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    Review: The Blind Side All Heartstrings and Sandra Bullock

    The Blind Side, Sandra Bullock, Tim McGraw Warner Bros.

    Review in a Hurry: The Blind Side doesn't pretend to be anything but a heartstrings-tugging "feel good" movie. Swelling music, tearful epiphanies, all that sentimental crap is here in spades. But something funny happens at the end of the movie: You feel good.

    The Bigger Picture: True stories tell themselves, and since life is stranger than fiction, sometimes they're hard to believe. The Blind Side is no different. Wealthy Memphis couple Leigh Anne and Sean Tuohy (Sandra Bullock and country singer Tim McGraw) take in a homeless black teenager, Michael Oher (Quinton Aaron), who has the potential for athletic glory. Basically, the kid won the lottery, and fully deserved it, too.

    Since the real-life story is inherently full of warm fuzzies, The Blind Side could be too much for jaded audiences. They should give it a shot. Writer and director John Lee Hancock stuffs the movie with robust humor, so the script never drowns in its own sentiment. His direction is crisp and efficient, and the story has a nice balance of sporting achievement and familial love. Even coming in with a skeptical frame of mind, it's impossible not to laugh at the snappy dialogue or root for Michael and his new family. It's the kind of movie that demands you get swept away with its charm, and it's a welcome and therapeutic addition to this year's slate of holiday movies.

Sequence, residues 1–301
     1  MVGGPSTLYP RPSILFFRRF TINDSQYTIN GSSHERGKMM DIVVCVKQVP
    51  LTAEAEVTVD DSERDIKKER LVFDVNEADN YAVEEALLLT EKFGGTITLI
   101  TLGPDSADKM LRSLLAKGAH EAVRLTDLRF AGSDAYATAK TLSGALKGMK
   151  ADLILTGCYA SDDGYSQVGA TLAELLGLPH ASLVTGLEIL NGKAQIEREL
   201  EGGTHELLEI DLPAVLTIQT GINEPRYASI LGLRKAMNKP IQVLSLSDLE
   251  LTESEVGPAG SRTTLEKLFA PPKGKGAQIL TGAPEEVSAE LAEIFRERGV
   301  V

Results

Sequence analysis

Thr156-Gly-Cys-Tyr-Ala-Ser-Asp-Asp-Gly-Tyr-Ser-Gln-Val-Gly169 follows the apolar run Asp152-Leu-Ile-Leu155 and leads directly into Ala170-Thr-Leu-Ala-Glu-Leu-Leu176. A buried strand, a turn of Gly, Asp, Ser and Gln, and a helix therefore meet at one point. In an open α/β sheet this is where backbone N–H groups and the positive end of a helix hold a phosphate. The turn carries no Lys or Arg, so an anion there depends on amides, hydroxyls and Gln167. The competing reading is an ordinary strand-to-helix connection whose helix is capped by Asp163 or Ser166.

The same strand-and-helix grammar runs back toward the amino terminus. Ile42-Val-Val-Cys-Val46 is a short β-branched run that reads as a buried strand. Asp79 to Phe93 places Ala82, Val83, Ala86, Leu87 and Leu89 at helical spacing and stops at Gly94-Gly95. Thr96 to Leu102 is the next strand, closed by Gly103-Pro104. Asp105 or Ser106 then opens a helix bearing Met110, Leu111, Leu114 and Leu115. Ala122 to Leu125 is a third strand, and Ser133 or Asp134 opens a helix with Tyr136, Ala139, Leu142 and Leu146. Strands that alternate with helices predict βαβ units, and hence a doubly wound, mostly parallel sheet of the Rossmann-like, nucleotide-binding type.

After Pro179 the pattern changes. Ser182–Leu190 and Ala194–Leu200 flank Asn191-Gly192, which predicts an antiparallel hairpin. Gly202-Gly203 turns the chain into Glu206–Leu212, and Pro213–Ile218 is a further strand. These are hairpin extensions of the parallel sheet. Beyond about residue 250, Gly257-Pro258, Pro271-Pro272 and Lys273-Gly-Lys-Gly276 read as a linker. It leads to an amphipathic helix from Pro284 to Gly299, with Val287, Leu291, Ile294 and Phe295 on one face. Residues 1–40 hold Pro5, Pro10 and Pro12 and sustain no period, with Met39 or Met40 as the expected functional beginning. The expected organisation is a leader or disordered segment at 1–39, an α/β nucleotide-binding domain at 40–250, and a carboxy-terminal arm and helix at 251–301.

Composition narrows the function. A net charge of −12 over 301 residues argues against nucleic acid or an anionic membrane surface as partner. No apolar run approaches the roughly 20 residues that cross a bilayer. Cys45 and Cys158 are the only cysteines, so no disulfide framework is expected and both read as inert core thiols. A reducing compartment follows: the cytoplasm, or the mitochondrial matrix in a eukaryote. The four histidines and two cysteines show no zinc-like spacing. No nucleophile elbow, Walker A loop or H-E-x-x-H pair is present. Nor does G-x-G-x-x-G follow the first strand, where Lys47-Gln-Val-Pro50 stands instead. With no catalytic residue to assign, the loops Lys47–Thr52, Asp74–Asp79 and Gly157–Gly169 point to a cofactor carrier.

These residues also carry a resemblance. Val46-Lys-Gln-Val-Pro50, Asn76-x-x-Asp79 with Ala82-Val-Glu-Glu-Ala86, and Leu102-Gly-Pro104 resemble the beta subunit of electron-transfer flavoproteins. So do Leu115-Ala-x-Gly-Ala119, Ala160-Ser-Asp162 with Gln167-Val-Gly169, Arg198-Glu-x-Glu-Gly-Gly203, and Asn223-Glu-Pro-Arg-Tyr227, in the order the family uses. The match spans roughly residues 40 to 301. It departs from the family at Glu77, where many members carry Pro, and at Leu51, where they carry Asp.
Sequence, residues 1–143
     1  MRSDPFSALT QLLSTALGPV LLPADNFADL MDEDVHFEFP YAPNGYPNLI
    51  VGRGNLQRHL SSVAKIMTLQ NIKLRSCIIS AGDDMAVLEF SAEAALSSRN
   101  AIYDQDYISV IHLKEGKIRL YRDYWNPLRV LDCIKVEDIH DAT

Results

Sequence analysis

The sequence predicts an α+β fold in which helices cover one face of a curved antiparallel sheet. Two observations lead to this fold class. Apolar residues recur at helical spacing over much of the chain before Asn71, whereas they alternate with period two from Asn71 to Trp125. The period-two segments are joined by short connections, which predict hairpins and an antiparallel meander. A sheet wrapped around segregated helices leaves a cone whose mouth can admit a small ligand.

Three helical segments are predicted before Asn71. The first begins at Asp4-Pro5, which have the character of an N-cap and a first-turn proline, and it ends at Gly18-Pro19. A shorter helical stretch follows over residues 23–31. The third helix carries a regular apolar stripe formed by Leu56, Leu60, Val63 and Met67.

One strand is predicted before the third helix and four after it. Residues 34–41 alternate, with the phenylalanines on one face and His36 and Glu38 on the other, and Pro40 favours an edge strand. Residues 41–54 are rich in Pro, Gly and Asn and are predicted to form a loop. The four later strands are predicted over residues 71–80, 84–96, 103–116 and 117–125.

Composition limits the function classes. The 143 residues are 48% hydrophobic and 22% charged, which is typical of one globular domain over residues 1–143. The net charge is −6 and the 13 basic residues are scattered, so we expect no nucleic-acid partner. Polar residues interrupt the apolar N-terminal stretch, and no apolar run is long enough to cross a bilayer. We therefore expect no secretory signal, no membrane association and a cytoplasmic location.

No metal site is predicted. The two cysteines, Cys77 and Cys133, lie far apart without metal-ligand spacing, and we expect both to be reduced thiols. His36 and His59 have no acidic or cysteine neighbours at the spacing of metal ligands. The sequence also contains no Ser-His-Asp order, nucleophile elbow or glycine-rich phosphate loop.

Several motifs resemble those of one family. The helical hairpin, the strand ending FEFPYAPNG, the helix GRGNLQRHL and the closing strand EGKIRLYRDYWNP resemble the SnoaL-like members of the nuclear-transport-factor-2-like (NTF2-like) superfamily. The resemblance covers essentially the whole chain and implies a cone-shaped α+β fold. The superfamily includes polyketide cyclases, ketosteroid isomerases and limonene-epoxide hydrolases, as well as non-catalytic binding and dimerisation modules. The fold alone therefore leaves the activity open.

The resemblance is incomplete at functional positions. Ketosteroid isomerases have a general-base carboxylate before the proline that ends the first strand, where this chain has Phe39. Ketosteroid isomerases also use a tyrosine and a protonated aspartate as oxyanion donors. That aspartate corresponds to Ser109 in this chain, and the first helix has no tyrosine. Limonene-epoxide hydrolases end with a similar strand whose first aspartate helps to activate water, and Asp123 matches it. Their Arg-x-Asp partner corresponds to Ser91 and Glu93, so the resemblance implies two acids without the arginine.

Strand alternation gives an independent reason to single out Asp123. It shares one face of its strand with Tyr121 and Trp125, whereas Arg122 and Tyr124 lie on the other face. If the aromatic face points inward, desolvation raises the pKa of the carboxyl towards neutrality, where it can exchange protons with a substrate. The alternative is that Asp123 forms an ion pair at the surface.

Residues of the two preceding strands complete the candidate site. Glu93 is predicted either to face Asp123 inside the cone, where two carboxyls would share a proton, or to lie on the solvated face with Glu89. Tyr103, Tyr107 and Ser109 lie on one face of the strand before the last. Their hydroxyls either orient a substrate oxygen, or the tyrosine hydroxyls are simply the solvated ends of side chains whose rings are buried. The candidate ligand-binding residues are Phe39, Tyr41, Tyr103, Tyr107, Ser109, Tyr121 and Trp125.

Another key reason the movie works so well is that its main character is so incredibly likable. Leigh Anne Tuohy is a fixer, a real spitfire who never takes no for an answer. Bullock portrays this Southern belle as a gal who kicks ass and takes names without so much as losing a false eyelash, yet has an incredible capacity to love.

    To see Bullock embody her with a perfect balance of silk and steel is a treat. She's developed so much as an actress since her Speed days, and this is her best work to date.

    The 180—a Second Opinion: Complicated issues about race and socioeconomics come up—a white couple "rescues" a black kid from his tough neighborhood and drug-addicted mother, never to look back—that could have been addressed with greater candor and compassion.

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    Also out this week: The Twilight Saga: New Moon.

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